Bite the Bullet
AKC Bullmastiff Standard: Bite – Preferably level or slightly undershot. Canine teeth large and set wide apart.
The heredity of teeth and bite is mostly unknown in the canine, and it is not clear if it is dominant, recessive or polygenic for each abnormality. Teeth and bite faults can, however, be seen with a simple visual inspection by the age of 12 months.
Generally, a Bullmastiff’s puppy’s bottom jaw will continue to grow until approximately nine months old. The top jaw is also in transition and growing during this period. The bite can go either way, from level to undershot or from scissors to overbite, or from scissors to level bite. Mature bite ranges can be overshot to grossly undershot. It is a general observation in some breeds that a puppy which starts off with an overbite, even if it corrects later on, can have a higher incidence of producing more puppies with overbites. Bullmastiff puppies with undershot bites almost never correct themselves.
Abnormal bites vary in levels of severity. Some lines appear to have a higher incidence of bite faults than others, and some lines or individuals do produce more incorrect bites than breed averages, leading to a general familial inheritance pattern. Some researchers have suggested that the shortening of the muzzle and lower jaw might be responsible for incorrect bites and missing teeth in shorter-muzzled breeds such as Bullmastiffs, although I’ve never found missing teeth a problem. It has been noted that dogs with undershot bites can have parents with scissors bites, suggesting that the trait is recessive. After more than 40 years of breeding Bullmastiffs, however, I have found inheritance of bites to be totally random at times, with undershot bites and narrow underjaws producing wide underjaws and perfect bites; and, conversely, beautiful bites producing bad ones.
Upper- and lower-jaw structures appear to be independently inherited traits, and even the size of the incisors may play a role in occlusion. Trapped puppy teeth should be removed, as they can cause an incorrect misaligned bite. Abnormal size and overly vertical incisors can also create an incorrect bite.
The ABA Bullmastiff Illustrated Standard suggests that there is no reason to penalize a dog that has a reverse scissors or slightly undershot bite. Because of its Bulldog background, however, the Bullmastiff with a reasonable amount of space between the upper and lower canines should only be penalized to the degree of the deviation. Wry mouth, which is a deformity, is unacceptable in Bullmastiffs as in any breed.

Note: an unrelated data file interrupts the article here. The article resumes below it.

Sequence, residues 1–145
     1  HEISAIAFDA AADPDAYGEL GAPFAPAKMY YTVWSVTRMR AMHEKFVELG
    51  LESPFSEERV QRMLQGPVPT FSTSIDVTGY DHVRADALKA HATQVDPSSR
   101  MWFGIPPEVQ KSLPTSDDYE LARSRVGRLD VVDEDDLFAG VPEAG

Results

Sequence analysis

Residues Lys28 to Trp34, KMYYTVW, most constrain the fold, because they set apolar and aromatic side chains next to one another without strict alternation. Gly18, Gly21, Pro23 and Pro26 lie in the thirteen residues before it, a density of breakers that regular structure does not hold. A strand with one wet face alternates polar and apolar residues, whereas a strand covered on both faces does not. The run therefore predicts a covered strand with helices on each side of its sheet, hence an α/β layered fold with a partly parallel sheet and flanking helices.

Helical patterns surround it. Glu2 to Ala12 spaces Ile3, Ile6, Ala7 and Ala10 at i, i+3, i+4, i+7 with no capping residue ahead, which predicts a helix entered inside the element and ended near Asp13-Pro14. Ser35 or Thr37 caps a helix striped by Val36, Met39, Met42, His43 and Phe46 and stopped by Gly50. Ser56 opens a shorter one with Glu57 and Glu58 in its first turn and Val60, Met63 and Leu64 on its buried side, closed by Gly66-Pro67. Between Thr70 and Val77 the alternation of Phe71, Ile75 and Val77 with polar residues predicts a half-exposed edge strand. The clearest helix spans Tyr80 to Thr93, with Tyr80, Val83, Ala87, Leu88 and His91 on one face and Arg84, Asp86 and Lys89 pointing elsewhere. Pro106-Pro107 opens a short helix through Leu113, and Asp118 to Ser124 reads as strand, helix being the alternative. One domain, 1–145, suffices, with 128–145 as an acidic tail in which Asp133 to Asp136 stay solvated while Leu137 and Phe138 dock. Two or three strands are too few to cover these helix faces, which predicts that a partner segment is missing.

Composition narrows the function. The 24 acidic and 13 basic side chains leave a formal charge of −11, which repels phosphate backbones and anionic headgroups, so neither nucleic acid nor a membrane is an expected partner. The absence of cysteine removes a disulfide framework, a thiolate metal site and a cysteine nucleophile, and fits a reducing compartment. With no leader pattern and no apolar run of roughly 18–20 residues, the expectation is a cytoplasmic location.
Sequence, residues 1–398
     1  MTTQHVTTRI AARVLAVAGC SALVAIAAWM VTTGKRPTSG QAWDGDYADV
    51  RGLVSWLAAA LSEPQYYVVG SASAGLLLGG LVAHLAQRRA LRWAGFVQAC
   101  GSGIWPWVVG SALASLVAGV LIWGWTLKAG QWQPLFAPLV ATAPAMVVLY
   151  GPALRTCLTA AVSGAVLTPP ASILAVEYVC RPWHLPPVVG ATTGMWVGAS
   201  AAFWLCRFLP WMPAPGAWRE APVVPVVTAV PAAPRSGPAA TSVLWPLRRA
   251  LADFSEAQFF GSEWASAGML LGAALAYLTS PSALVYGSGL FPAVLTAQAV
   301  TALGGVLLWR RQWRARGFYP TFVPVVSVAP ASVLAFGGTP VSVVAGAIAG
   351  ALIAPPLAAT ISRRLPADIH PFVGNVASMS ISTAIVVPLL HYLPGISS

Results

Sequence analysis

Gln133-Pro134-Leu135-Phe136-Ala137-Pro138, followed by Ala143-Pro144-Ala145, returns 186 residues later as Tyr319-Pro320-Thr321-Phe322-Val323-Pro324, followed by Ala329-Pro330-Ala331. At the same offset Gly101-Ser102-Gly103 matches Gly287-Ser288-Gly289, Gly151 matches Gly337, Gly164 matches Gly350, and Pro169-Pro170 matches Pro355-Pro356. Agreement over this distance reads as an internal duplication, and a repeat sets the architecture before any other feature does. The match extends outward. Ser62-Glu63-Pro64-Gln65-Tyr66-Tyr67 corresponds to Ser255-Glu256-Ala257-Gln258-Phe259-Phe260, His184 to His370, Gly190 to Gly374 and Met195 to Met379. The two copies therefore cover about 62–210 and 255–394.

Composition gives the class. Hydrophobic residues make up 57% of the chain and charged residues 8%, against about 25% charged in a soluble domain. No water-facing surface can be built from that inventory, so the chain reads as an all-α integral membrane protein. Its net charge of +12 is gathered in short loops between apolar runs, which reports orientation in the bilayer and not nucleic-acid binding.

Large, wide set canines in the Bullmastiff are desirable and give the dog a greater holding ability, and a wider, very desirable broad underjaw. The teeth should be large and strong, with the canine teeth wide apart, and the six small teeth in front, between the canines, in an even, level row. Narrow underjaws and curved-patterned incisors are very undesirable, as is the reversion to the Bulldog type of bite. The two jaw bones should terminate in a normal perpendicular level in the front, and the lower jaw should not protrude beyond the upper jaw, nor bend slightly upward. The repandus (bent upward) part of the underjaw with the lower lip (sometimes called the chin) must never rise above the front of the upper lip.
In judging the Bullmastiff, I see varying degrees of bites, but mainly good bites with wide underjaws and straight teeth. Missing teeth and dropped incisors are not uncommon, especially in the older dog. I have noticed over the years that the canine teeth have gotten smaller, which I do believe is something that should be addressed in breeding programs. Without the holding power of the canines, the dog could not hold as effectively as he might with those big canines. Years ago you never saw small canines, and it was impressive to see a Bullmastiff’s mouth with huge canines and level bites. The evolution of the breed to a less moderate and more “bully” appearance has led to the reversion to the more Bulldog type of bite, although the perfect bite can and should be accomplished with the best of heads.
Ideal Bullmastiff heads.
As a breeder first, then as a judge, I have a great deal of tolerance for an imperfect bite, knowing that both the dog and bitch could do their job – as long as the bite is not wry or grossly undershot with canine teeth jutting out of the mouth. It is interesting to observe that even with a bad bite, a bitch can sever the umbilical cord, which is not done with incisors but the molars; and when a Bullmastiff jumps up and grabs your arm, he does it with his molars, not the incisors.
When mentoring new judges I never recommend going back to the bite in making a decision: There are far more important structural and type characteristics to take into consideration.